VILLA Leipzig hosted first and after a very early morning journey (1am to be precise!) from Belfast to Dublin to Berlin to Leipzig we arrived hungry but excited to learn all about VILLA. Having spent time getting to know their participants and create artistically together in the summertime, it was great to have a chance to delve into the organisational structures and practices of this art charity based in a city not dissimilar in size to Belfast. VILLA, the socio-cultural centre of Leipzig, encourages people to participate in society on an equal, self-determined and committed basis. Over a great cup of coffee in the VILLA cafe we met the board members and learnt of the history of the organisation, as well as the big boss and wider team. This gave us a clear sense of just how large the reach of the organisation is and how each department works together and separately.

(Sheena and Mags arrive at Leipzig Train Station)

Breadth of knowledge

The energy as you walk through the VILLA doors is infectious! From one side of the building you hear music being practiced, created and mixed and from another you can smell the coffee brewing in the café. The diversity of groups, people and artforms using the building demonstrates lots of possibilities for future collaborations.

We were invited to join the youth theatre group as they devised their new show based around stories of witches and spoke to them about some similar devising projects we do back in Belfast. We enjoyed a presentation from the Tanzlabor group who spoke to us about their aim to increase cultural participation for disabled people in Leipzig and connected them with some friends and colleagues of our own across the globe. Finally following an entertaining evening at the weekly Open Mic night we got a chance to try out some digital music making in the music lab.

(Youth Theatre rehearsals)

The ripple effect

One of the many areas of expertise VILLA brought to the partnership was their knowledge and skills around social activism. Philipp and his team delivered a thought-provoking workshop around politics and the environment which was based on how they deliver to secondary schools in the area. It was interesting to see how these informal methods are used to offer young people a platform and an opportunity to discuss politics and social issues in a safe environment. The aim was to support young people in engaging with their society more which in turn can ripple out into the wider society. This itself created a lot of conversation as within Northern Ireland we tend to shy away from direct conversations around politics due to the challenging political landscape here. Our experience is that hitting these hard topics straight on can create tension and barriers which may in turn be detrimental to the project aims and the engagement with the young people. This was a clear cultural difference and an interesting one at that.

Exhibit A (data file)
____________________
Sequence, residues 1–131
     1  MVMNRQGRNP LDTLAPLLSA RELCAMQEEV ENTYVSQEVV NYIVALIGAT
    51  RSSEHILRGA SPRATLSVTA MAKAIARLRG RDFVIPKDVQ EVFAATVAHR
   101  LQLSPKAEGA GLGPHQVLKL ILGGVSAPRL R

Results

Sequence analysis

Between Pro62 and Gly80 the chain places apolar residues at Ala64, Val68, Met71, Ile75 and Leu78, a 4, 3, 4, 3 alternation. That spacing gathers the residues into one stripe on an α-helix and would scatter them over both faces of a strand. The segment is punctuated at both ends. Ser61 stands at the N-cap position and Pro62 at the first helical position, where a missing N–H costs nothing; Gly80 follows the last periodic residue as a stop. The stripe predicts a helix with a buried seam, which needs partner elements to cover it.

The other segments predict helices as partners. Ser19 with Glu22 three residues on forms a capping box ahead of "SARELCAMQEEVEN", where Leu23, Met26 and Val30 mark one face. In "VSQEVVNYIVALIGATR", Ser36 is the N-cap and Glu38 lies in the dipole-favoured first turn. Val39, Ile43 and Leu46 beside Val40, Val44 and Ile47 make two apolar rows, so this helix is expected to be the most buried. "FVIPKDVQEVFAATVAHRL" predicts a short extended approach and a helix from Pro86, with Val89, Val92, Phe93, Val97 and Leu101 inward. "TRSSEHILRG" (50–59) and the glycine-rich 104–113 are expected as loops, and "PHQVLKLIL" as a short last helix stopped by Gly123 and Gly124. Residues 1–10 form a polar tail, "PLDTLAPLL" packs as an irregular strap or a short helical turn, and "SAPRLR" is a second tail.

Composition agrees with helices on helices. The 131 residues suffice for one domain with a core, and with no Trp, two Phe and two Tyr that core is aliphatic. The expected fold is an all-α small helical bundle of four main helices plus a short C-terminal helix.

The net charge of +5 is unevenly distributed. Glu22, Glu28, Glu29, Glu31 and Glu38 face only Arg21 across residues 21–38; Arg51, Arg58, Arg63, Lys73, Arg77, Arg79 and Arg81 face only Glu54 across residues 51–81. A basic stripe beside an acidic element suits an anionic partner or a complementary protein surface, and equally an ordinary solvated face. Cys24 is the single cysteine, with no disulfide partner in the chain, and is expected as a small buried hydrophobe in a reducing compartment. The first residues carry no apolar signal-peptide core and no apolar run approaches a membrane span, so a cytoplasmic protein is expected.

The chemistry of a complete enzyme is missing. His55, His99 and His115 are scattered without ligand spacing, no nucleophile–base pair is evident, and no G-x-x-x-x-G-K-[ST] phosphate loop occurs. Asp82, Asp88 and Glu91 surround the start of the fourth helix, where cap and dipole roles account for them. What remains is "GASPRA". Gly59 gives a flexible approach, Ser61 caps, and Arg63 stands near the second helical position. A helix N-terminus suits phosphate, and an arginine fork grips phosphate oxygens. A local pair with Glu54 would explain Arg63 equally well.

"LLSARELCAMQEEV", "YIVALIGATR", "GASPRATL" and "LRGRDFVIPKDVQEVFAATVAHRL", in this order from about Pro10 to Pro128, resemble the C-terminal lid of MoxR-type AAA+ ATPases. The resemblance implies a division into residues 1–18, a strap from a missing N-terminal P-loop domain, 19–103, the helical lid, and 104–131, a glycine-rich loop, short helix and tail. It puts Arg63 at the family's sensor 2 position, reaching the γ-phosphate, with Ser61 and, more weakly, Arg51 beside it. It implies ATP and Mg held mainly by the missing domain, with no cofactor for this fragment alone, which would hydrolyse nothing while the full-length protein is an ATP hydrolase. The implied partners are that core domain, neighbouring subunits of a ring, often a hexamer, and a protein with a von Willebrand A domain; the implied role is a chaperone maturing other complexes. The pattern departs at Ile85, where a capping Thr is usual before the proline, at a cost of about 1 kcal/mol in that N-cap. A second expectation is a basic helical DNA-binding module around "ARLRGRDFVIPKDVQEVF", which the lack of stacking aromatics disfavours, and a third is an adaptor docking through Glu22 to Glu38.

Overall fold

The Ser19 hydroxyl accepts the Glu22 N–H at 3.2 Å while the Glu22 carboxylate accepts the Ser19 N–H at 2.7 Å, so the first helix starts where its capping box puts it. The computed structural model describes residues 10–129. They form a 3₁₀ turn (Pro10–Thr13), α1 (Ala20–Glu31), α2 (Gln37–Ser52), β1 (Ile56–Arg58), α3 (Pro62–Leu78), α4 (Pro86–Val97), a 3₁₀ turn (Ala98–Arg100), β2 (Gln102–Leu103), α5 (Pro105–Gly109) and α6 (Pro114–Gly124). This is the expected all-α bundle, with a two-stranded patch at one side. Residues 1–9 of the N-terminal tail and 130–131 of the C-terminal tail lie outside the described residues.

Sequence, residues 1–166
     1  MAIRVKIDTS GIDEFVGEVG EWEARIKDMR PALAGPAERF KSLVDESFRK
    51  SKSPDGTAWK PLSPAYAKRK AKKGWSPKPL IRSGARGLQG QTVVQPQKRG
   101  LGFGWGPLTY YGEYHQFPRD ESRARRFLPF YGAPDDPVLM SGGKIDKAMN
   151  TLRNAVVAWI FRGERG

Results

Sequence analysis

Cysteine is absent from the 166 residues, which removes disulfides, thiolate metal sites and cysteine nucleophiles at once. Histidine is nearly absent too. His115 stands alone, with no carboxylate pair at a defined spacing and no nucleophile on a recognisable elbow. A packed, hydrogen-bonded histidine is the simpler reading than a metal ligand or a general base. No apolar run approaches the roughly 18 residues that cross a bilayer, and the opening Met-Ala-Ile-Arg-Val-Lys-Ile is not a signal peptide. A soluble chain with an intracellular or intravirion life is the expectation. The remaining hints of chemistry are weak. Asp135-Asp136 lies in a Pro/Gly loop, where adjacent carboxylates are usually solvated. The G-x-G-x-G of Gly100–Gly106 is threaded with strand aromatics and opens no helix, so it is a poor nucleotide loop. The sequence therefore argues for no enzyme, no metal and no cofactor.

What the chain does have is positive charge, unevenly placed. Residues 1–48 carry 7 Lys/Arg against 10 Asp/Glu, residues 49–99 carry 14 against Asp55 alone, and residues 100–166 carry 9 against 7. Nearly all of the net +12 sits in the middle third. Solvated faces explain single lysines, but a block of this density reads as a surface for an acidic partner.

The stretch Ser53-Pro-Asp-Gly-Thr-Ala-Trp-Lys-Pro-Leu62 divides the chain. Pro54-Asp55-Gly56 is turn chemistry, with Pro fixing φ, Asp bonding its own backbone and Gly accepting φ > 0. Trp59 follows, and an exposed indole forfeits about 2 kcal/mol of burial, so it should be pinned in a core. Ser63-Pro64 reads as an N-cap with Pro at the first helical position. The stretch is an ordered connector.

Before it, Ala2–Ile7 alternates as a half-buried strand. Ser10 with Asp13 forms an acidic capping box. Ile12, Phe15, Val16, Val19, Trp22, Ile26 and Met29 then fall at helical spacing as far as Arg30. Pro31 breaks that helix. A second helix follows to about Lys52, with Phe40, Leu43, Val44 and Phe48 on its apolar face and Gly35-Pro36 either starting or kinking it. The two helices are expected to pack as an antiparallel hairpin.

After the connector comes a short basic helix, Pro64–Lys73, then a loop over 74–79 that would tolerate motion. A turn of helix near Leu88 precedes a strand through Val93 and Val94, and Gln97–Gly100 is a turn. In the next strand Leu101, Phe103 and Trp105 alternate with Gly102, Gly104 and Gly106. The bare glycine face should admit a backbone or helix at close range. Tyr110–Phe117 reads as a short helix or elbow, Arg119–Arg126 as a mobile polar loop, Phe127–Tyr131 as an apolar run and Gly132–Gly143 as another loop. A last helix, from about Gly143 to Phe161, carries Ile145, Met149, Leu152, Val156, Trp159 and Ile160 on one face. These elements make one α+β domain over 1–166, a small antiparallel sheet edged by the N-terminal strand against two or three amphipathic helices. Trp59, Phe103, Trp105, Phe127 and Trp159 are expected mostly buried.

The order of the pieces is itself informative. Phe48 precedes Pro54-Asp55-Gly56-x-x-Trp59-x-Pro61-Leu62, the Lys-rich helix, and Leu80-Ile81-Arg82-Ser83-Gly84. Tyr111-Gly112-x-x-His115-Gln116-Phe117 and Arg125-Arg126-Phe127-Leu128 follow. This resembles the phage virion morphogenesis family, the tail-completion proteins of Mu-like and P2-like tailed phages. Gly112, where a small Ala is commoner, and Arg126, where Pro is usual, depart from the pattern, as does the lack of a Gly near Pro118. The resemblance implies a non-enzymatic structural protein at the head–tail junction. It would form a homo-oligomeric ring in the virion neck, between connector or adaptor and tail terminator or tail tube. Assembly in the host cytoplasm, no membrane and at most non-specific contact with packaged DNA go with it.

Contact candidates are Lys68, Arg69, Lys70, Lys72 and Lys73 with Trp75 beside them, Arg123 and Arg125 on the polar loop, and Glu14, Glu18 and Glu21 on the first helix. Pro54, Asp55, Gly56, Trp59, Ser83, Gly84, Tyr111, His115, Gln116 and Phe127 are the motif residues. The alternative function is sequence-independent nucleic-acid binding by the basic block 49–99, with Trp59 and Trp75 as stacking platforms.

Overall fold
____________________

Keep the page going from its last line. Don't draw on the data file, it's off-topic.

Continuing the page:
(Social Activism workshop)


Next stop: Belfast

Then it was our turn.  Predictably the rain poured down on Philipp and Dirk as they got off the bus from Dublin, so we headed first for a coffee and a catch up at DU Dance NI’s home at the Crescent Arts Centre. Similar in some ways to VILLA’s building, with different classes and events happening, we had a “wee” tour and then a chat about the structures and strategic plans for DU Dance over the next few years.


Out of the city

About 20 minutes outside of Belfast, we joined Beyond Skin as they delivered a cultural workshop celebrating Chinese culture and the impending Chinese New Year. Matcha tea, Chinese calligraphy and music from the GuZheng were all on the menu for the children at this Primary School. Darren shared the importance of children meeting people from diverse cultures to celebrate diversity and strengthen community relations. The workshop sparked new ideas for VILLA and their volunteer programme made up of young adults from a range of countries.  Later that day, we were welcomed in the studio with Beyond Skin as a mix of musicians from diverse backgrounds created a brand new song having just met that same morning.

(Chinese Cultural workshop at a Primary School)

(Meeting Beyond Skin artists in the studio)

Take your space

The afternoon was spent in the Helen Lewis dance studio in the Crescent Arts Centre where DU Dance Artistic Director Mags delivered a movement workshop with much laughter, a bit of sweat and an increased heart rate.  After devising a dance together, we spoke about the diverse range of young people we work with and how dance and performance is used as a tool for change for the young people. Philipp and Dirk were particularly interested to hear about the specific projects where the young people do not feel they are important enough to take up space in a room and how dance as a physical and cognitive artform can raise confidence and self-esteem which brings them to the point of standing onstage.